With all the blood on his hands, I honestly can't see how in the world Barack Obama can sleep at night. I know that I couldn't and I'm glad that I'm not that cold-blooded and heartless. I cannot understand his callousness. I wonder if he realizes the fact that 70% of the people being killed are civilians caught up in the middle of this useless war!
Yes, and 75-80% of those civilian casualties stem from Muslim-on-Muslim violence - mostly the Taliban. And perhaps before you (or any readers of this comment) accuse me of reading / watching too much Glenn Beck, I draw these figures from a 2010 UN report.
Wrong, MrJs1G. The majority of those people are being slaughtered by our ungodly drones and don't let anybody kid you otherwise!!! I bet that this killer Obama must be quite proud of himself by now!
MrJs1G posted a source, Marine5484. It's now up to you to post a source that confirms your statement, or you're just shouting at clouds. I know you really *want* Obama to be a multiple murderer, but cite evidence and you've got a better chance.
The blood is on Bush's hands. Obama is cleaning, sweeping and closing shop over there.
Sometimes I wonder and (I do hope that it is not so) if I may not be confused for the Al-Qaeda or its allied services. They have not confused me since 2003 though. But one can have very intelligent US actors via the other varieties in India (the Hindu radical or the Christian radical or the plain Left Extremism – they do rather well in neanderthal democracies as India) give one that impression over plain egos. Thankfully the globe is larger and has actors that aren't as dumb as some US actors seemed – though I can not read the thoughts of others nor hear others though they do seem to be doing so since 2004 rather well. The other actors in the globe at least know how to balance certain illnesses. But I sometimes do wonder – why would one person's private life be made non-existent since 2003 and yet be a subject for such actors? Apart from that, the changing global order and power equations mean that stupidities – even if nuke-armed as the USA or the UK via their agencies/actors/slaves/servants in India & South Asia – are seen clearer as indications of the abilities of particular actors as well as their IQ levels and what they mean for the globe. Mr. Zakaria again is mistaken about India's emergence as the largest economy – in another of his articles – since it takes much more than just selective data. Guess that I shall rather be silent and let time tell its own stories! I can't afford a Blackberry or a Porsche (since 2003 I guess it has been turned into an impossibility to even afford a rented place that can be called hospitable) so obviously I can't be talking or making sense.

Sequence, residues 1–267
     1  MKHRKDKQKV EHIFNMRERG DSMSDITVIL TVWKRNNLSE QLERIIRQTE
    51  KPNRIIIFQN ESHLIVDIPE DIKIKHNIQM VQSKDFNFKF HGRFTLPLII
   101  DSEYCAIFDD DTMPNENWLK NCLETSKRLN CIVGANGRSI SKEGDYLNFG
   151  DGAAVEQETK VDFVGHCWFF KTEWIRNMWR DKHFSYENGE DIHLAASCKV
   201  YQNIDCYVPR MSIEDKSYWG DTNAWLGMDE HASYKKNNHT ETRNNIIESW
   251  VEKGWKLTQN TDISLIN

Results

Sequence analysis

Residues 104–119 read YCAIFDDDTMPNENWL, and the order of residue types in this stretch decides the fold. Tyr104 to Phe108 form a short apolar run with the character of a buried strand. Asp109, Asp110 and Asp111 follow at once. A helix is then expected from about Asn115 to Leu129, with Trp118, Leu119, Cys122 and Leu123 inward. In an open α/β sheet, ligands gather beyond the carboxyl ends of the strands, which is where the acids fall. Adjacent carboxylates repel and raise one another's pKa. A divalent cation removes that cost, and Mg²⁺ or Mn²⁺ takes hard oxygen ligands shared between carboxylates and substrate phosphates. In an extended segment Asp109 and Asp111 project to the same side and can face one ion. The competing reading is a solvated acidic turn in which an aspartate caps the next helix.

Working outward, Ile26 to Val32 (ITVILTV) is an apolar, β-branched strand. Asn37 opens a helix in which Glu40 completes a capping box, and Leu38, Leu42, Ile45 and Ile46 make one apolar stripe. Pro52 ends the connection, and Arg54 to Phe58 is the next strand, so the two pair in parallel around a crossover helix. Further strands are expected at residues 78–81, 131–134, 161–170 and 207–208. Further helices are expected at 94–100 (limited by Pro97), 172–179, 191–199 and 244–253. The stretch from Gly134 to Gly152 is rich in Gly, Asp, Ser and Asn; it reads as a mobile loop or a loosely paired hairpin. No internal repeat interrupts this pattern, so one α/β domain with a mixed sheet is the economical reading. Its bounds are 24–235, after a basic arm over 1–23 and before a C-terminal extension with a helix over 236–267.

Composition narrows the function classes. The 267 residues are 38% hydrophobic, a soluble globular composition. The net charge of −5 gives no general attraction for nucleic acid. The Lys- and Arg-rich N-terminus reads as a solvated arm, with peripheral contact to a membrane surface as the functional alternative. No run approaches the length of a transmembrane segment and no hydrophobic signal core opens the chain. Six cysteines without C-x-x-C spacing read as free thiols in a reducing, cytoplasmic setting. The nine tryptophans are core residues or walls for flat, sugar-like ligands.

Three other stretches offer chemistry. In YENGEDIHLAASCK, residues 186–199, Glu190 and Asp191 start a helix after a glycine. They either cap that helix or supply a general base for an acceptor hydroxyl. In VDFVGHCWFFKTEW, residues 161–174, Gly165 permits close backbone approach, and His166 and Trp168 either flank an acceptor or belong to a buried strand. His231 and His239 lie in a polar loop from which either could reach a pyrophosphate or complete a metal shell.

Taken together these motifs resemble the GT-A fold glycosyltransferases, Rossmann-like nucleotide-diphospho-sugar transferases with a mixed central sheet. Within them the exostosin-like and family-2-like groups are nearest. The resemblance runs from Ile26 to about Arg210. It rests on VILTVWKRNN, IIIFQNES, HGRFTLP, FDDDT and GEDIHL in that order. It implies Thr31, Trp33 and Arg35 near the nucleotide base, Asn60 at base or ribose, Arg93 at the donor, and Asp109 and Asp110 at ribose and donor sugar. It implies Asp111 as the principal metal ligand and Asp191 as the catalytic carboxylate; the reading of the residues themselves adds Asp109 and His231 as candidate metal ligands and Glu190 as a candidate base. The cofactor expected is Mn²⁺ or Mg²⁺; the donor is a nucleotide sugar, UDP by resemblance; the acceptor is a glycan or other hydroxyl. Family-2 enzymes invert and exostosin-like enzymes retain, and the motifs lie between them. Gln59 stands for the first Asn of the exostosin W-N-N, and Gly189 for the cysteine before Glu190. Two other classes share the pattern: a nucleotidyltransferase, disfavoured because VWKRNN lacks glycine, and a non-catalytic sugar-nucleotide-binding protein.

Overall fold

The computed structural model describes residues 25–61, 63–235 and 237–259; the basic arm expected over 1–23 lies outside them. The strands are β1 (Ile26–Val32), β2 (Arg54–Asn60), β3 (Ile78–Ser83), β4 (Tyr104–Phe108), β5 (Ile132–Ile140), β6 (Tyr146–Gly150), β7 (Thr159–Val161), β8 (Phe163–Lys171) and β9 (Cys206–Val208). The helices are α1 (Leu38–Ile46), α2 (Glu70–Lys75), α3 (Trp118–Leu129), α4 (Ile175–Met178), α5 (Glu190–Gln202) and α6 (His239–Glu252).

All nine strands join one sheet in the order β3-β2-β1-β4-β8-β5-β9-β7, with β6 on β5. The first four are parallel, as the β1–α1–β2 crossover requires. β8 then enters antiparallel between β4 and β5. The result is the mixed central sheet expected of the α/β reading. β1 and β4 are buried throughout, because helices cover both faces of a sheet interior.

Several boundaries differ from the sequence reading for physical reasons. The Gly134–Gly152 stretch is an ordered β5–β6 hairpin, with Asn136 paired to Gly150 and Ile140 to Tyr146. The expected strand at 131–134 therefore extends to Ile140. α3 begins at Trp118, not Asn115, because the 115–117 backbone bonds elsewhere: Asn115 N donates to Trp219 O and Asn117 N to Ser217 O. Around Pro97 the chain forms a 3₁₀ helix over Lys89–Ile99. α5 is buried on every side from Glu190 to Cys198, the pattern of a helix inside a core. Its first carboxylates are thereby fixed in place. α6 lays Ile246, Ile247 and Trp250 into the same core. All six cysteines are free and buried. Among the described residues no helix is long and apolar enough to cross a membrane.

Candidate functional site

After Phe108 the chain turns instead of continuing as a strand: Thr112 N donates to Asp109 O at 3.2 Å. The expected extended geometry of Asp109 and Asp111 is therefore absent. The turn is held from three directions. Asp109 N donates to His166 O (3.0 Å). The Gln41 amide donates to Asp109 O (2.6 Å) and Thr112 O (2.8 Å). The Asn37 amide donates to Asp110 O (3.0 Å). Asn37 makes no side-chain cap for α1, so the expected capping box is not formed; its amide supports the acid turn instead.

True, progresses are made in Helmand and the southern parts of the Afghanistan, but in the mountainous regions in the Hindukush livelihood is tough and tribal and the literacy is low. Live in Kabul doesn't reflect the rest of the backward region. It will take generations of Afghans to develope the sense of a nation-wide solidarity.
please read: LIFE in the more liberal Kabul......
Who is Al Kida! Hahahahahahahahaha
Why? Did the US stop sending money to its arab allies?
Despression symptoms is a express of psychological sickness, in which the outcome is which you feel you are the unluckiest person on earth. Having issues is really a portion of being individual, however ...fishing lures
The Global Public Square is where you can make sense of the world every day with insights and explanations from CNN's Fareed Zakaria, leading journalists at CNN, and other international thinkers. Join GPS editor Jason Miks and get informed about global issues, exposed to unique stories, and engaged with diverse and original perspectives.
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Check out all of Fareed's Washington Post columns here:
Obama as a foreign policy president?
Why Snowden should stand trial in U.S.
Hillary Clinton's truly hard choice
China's trapped transition
Obama should rethink Syria strategy